Under-Fire web biz finds reverse gear after outcry from Fire and Kindle owners Amazon has U-turned on its decision to remove filesystem encryption from Fire OS, which powers its Fire and Kindle slabs. We've been told that a version due out within the next month or two will return support for encrypting documents stored on the devices.

This decision to restore the feature comes just days after it emerged that Amazon had axed the encryption from the latest build of its tablet operating system: Fire OS 5. Removing the crypto sparked outcry from furious Fire and Kindle owners as well as the wider tech world.

Amazon appears to have taken notice. "We will return the option for full disk encryption with a Fire OS update coming this spring,” a spokesman for the web bazaar told El Reg on Saturday. The decision to remove the encryption was at odds with Amazon's public support [PDF] for Apple in the iPhone giant's battle with the FBI.

Apple refused to comply with an order to help unlock a killer's encrypted smartphone, and has rallied the tech industry to back it against the Feds. Amazon's decision to axe the encryption feature from Fire OS 5 was made well before the Apple-FBI legal case blew up last month.

Amazon thought disk encryption wasn't being used by enough people to continue support for it.
Soon it will let people switch the mechanism back on – and, I guess, in a way, we have the FBI to thank for that. ® Sponsored: Agile For Dummies, 2nd Edition
The term "cyber pathogen," however, seems to exist only in Harry Potter fan fiction. Does the San Bernardino shooter's iPhone contain anything of value for investigators? They FBI doesn't know, but the San Bernardino District Attorney suggests the county-owned handset could have been used as a weapon of mass cyber destruction. "The iPhone…may have connected to the San Bernardino County computer network," DA Michael Ramos said in a court filing. "The seized iPhone may contain evidence that it was used as a weapon to introduce a lying dormant cyber pathogen that endangers San Bernardino County's infrastructure." Local residents shouldn't be too quick to panic, though: iPhone forensics expert Jonathan Zdziarski debunked the DA's claims. "I quickly Googled the term 'cyber pathogen' to see if anyone had used it in computer science," Zdziarski wrote in a blog post.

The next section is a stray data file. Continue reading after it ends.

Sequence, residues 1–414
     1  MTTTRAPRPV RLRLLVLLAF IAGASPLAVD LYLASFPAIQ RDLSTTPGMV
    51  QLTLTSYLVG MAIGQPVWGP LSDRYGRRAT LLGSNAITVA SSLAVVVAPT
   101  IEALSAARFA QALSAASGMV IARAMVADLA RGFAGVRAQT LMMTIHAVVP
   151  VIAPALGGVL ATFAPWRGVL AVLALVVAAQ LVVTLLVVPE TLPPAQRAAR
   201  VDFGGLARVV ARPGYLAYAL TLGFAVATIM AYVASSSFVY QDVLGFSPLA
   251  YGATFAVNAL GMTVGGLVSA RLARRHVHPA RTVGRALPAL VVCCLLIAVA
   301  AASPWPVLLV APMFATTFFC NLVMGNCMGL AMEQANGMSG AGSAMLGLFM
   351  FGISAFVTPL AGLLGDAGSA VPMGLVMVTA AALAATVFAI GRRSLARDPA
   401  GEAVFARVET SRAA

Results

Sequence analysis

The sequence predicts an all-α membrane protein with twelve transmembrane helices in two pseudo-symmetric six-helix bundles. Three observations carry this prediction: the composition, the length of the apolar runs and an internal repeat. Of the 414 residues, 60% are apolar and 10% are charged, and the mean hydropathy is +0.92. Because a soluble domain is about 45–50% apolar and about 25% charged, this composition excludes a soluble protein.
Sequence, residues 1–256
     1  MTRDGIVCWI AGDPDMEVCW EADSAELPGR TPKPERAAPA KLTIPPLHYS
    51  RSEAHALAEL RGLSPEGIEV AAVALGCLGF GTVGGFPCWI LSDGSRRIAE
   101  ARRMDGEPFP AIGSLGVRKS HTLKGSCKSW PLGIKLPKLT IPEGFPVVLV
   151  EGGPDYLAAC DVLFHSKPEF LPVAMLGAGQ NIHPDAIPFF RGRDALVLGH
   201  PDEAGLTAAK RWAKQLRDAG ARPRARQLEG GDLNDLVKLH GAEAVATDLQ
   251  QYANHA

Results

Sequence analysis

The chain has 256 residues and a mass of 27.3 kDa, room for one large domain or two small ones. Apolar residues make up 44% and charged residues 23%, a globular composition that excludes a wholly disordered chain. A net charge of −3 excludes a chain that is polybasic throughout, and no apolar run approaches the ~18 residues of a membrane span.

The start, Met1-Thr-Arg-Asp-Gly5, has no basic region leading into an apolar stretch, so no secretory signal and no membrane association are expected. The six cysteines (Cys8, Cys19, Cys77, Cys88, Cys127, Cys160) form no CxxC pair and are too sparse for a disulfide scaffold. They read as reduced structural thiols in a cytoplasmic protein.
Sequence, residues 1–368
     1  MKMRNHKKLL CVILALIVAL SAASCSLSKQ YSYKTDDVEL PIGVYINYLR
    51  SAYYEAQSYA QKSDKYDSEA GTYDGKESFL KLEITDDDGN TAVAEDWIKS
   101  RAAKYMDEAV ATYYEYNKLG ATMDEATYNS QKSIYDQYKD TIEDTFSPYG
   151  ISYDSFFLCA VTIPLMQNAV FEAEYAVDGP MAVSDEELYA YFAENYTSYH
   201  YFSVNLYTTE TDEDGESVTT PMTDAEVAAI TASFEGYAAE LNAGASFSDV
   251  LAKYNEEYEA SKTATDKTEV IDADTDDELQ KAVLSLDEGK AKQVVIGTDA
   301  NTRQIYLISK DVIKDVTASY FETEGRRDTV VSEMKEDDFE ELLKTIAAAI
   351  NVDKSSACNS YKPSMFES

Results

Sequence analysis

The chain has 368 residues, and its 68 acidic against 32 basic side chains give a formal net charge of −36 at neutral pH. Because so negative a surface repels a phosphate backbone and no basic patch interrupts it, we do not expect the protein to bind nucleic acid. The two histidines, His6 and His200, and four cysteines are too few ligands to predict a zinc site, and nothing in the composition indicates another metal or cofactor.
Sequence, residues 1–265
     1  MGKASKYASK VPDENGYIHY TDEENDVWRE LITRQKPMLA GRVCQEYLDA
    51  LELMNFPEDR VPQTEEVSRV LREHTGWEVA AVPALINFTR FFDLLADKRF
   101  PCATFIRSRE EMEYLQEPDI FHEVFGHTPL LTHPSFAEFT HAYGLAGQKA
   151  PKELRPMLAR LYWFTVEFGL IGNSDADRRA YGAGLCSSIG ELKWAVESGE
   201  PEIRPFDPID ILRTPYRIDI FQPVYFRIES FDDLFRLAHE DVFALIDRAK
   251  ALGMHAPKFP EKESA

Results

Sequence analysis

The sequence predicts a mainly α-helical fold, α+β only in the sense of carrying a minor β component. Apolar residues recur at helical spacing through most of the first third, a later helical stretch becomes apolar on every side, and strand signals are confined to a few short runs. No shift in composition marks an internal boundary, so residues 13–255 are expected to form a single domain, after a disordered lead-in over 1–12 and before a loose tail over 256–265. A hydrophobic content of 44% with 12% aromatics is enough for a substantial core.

The first result: Harry Potter fan fiction. "That's right, a Demigod from Gryffindor is the closest thing Google could find about cyber pathogens." Zdziarski said even CSI: Cyber is not bold enough to use "wildly non-existent terms" like "cyber pathogen" in its TV scripts. "There is absolutely nothing in the universe that knows what a cyber pathogen is," Zdziarski wrote. "Fagan's statements are not only misleading to the court, but amount to blatant fear mongering.

They are designed to manipulate the court into making a ruling for the FBI." The device in question—an iPhone 5c issued to Syed Rizwan Farook as part of his San Bernardino Health Department duties—is currently in the possession of the FBI, which wants Apple to disable a feature that wipes the gadget after 10 incorrect password guesses so that it may use an automated system to guess the phone's passcode and break in. According to Ramos, information contained on the smartphone could provide evidence to help the government identify co-conspirators "who would be prosecuted for murder and attempted murder." But to do that, Cupertino would need to create another mobile operating system that could open the encrypted device—a slippery slope, according to CEO Tim Cook, who is worried the workaround might end up in the wrong hands. Apple is even willing to take its fight against the FBI over iPhone backdoors all the way to the Supreme Court, where it would have the support of numerous industry heavyweights. Oral arguments are set for March 22 in federal court.

Amazon used as bait

In recent weeks, we have seen several mass-mailings in French, Italian and English, imitating messages from Amazon’s online shops.